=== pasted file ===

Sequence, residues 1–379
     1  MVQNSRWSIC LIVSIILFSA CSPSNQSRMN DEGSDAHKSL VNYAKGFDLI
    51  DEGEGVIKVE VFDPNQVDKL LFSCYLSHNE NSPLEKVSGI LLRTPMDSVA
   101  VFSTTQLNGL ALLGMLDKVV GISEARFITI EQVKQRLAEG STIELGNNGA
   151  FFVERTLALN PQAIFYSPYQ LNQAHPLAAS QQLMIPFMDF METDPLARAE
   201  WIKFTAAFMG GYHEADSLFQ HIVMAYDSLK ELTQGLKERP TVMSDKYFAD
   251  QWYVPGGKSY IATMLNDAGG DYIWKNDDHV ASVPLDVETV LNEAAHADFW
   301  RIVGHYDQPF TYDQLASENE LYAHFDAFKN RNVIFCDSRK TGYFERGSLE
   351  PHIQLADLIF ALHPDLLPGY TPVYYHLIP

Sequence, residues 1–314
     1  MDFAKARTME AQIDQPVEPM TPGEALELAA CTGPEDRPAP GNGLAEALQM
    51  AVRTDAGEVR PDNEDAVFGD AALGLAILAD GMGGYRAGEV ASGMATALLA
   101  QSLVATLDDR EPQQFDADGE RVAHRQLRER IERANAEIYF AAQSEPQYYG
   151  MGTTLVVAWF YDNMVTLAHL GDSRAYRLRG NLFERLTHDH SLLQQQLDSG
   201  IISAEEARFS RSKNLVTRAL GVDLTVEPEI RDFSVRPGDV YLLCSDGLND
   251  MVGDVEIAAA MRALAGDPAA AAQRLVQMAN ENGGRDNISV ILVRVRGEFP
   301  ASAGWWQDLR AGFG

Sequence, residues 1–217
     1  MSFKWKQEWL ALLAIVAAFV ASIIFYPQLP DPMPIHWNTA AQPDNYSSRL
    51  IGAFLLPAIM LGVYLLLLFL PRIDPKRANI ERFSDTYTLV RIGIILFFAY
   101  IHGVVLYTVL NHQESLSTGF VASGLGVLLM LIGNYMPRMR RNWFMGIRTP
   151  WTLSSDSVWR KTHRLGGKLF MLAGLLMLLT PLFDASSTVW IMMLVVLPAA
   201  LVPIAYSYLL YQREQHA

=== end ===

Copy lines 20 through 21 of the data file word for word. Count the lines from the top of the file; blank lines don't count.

    51  IGAFLLPAIM LGVYLLLLFL PRIDPKRANI ERFSDTYTLV RIGIILFFAY
   101  IHGVVLYTVL NHQESLSTGF VASGLGVLLM LIGNYMPRMR RNWFMGIRTP